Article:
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Although the roots of Outsider Art can be traced back thousands of years, it is most useful to look back to its most recent precursor, art brut (Raw Art) to hear the most vital articulations of its true spirit. In his 1947 manifesto, French artist and curator Jean Dubuffet described the term art brut as follows: "We understand by this term works produced by persons unscathed by artistic culture, where mimicry plays little or no part (contrary to the activities of intellectuals). These artists derive everything...from their own depths, and not from the conventions of classical or fashionable art."
In his 1972 book championing art brut, Roger Cardinal called it Outsider Art: "I believe that a paramount factor in the critical definition of the creative Outsider is that he or she should be possessed of an expressive impulse and should then externalize that impulse in an unmonitored way which defies conventional art-historical contextualization."
Dubuffet and Cardinal were writing primarily about extremely marginalized European artists: psychotics, mediums, and eccentrics. This has caused the common misconception that Outsider Art is essentially pathological, when in fact the central characteristic shared by Outsiders is simply their lack of conditioning by art history or art world trends.
Over the years, the parameters of Outsider Art have expanded dramatically to include art made by a wide variety of art-makers who share this common denominator of raw creativity. Outsiders come from all walks of life, from all cultures, from all age groups.
In recent years, Outsider Artists may have even come to outnumber Insider Artists who have achieved critical validation within the elite art world, and yet who speak with increasingly less clarity and relevance to us about the human experience. Dubuffet's description of officially recognized art has never been more relevant: "everyone immediately sprinkles it with champagne, and lecturers lead it from town to town with a ring through its nose. This is the false Monsieur Art."
The genesis of Outsider Art could well be traced to an imagined prehistoric cave wall, to the work of your favorite eccentric visionary (think William Blake), or to the mythic artist-genius dreamed up by Romantic philosophers and poets. Outsider Artists began to emerge as a force to be reckoned with during the early 1920's, with the publication of two pioneering studies of art made on asylum inmates, conducted by European psychiatrists in search of universal truths about human creativity.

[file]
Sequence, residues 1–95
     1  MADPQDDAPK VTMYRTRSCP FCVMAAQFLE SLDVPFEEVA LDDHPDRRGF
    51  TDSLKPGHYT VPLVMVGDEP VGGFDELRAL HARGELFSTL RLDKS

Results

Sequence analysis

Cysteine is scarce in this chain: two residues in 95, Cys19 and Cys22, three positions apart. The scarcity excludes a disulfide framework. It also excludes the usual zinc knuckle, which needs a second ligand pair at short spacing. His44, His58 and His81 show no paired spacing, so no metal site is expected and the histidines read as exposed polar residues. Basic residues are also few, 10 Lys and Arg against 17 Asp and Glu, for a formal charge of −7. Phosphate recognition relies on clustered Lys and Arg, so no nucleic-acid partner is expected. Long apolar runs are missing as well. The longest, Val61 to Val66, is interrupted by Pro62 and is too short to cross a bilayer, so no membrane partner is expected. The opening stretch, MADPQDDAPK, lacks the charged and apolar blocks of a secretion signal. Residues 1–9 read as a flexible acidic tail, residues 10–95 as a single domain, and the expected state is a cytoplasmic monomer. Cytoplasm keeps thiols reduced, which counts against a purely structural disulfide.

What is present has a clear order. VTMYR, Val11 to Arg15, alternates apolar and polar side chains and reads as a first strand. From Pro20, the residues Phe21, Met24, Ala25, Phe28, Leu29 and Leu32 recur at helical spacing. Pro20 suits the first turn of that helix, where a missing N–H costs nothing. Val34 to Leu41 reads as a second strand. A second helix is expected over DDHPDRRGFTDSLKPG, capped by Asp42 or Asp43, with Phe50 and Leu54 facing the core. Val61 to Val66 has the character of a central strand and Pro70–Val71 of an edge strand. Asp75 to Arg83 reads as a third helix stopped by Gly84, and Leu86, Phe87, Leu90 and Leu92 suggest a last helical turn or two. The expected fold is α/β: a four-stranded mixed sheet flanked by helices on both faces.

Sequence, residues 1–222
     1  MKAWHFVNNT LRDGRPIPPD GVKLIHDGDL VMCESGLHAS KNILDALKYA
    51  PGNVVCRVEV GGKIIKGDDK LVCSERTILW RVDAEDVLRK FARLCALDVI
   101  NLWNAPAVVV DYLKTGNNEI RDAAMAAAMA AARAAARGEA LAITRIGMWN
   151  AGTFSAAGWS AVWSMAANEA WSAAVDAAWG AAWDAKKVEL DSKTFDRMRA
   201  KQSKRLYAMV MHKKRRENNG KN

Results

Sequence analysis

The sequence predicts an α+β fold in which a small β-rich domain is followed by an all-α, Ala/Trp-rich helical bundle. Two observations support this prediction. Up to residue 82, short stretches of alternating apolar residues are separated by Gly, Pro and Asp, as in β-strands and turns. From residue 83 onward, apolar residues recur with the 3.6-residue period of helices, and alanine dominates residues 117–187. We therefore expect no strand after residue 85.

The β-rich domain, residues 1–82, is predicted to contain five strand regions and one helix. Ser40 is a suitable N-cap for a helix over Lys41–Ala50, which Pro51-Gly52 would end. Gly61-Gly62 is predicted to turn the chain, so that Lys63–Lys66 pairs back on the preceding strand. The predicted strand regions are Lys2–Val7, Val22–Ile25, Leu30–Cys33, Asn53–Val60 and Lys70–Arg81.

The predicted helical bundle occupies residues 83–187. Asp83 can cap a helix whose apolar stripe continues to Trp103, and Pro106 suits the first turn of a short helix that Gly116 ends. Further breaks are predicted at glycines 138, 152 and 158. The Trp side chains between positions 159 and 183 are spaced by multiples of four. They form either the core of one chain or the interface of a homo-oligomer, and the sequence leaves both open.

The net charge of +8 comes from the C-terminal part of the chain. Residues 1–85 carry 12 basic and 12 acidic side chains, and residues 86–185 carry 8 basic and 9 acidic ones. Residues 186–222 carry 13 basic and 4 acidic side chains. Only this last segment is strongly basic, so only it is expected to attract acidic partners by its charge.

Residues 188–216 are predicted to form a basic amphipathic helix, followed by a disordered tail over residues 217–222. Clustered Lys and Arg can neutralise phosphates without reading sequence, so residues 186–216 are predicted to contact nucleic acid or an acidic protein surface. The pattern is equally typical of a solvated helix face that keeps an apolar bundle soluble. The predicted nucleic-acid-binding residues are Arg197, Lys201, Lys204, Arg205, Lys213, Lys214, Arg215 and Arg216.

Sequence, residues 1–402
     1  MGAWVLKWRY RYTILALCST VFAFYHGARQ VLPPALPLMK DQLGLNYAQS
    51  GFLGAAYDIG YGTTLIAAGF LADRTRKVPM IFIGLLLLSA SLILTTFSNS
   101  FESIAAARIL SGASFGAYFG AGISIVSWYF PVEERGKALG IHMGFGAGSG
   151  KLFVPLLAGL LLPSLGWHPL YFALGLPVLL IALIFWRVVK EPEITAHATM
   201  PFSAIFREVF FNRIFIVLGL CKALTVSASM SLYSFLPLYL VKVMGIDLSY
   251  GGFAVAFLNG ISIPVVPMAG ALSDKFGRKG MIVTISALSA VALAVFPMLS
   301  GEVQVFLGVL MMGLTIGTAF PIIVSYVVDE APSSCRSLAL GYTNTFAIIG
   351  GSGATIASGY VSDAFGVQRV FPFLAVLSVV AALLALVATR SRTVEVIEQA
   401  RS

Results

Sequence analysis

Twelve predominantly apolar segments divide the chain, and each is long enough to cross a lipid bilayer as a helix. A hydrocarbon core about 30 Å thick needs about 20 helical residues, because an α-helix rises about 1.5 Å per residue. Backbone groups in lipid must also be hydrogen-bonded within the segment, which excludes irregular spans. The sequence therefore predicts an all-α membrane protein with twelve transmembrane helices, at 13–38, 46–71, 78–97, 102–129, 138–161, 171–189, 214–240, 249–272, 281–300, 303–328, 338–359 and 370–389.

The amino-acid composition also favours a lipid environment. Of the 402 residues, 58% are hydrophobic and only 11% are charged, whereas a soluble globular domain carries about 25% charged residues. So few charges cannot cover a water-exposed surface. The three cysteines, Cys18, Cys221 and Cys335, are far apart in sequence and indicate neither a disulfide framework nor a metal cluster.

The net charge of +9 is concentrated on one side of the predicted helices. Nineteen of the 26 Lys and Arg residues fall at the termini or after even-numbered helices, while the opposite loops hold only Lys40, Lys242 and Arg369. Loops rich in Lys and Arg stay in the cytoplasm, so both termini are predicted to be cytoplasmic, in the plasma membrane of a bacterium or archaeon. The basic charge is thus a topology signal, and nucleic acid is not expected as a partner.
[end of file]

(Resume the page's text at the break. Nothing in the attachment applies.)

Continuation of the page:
German Expressionists soon fell in love with the schizophrenic artists presented in these books--especially Adolf Wölfli, Karl Brendel and August Naterrer--and adopted them as creative muses by appropriating their imagery. In Paris, the Surrealists looked to the same books for inspiration, and also to Spiritualist Mediums such as Augustin Lesage and Helene Smith who were famous local practitioners of automatic drawing.
It wasn't until after World War II that Outsider Art was truly recognized as more than simply source material for the modernist avant-garde. The French artist Jean Dubuffet took the Surrealist obsession with Outsiders to a new level by daring to collect and exhibit their work. Not only did he champion the artwork of schizophrenics and local mediums, but he also celebrated art made by eccentric isolates and self-taught laborers. Dubuffet recognized in the work of these divergent groups one unifying trait: a raw quality untouched by academic rules or current trends.
In 1947, Dubuffet staged a ground-breaking, manifesto-driven exhibition in Paris, aptly naming his category art brut (Raw Art). Dubuffet's Collection de l'Art Brut grew in the subsequent decades, and eventually found a home in Lausanne, Switzerland, in 1976. This unique collection might well have remained in isolation, if not for the publication of a 1972 study of art brut entitled Outsider Art written by the British scholar Roger Cardinal. Cardinal's book, and his 1979 London exhibition Outsiders, launched Outsider Art as a powerful global force that continues to challenge and redefine the limits of what we call art.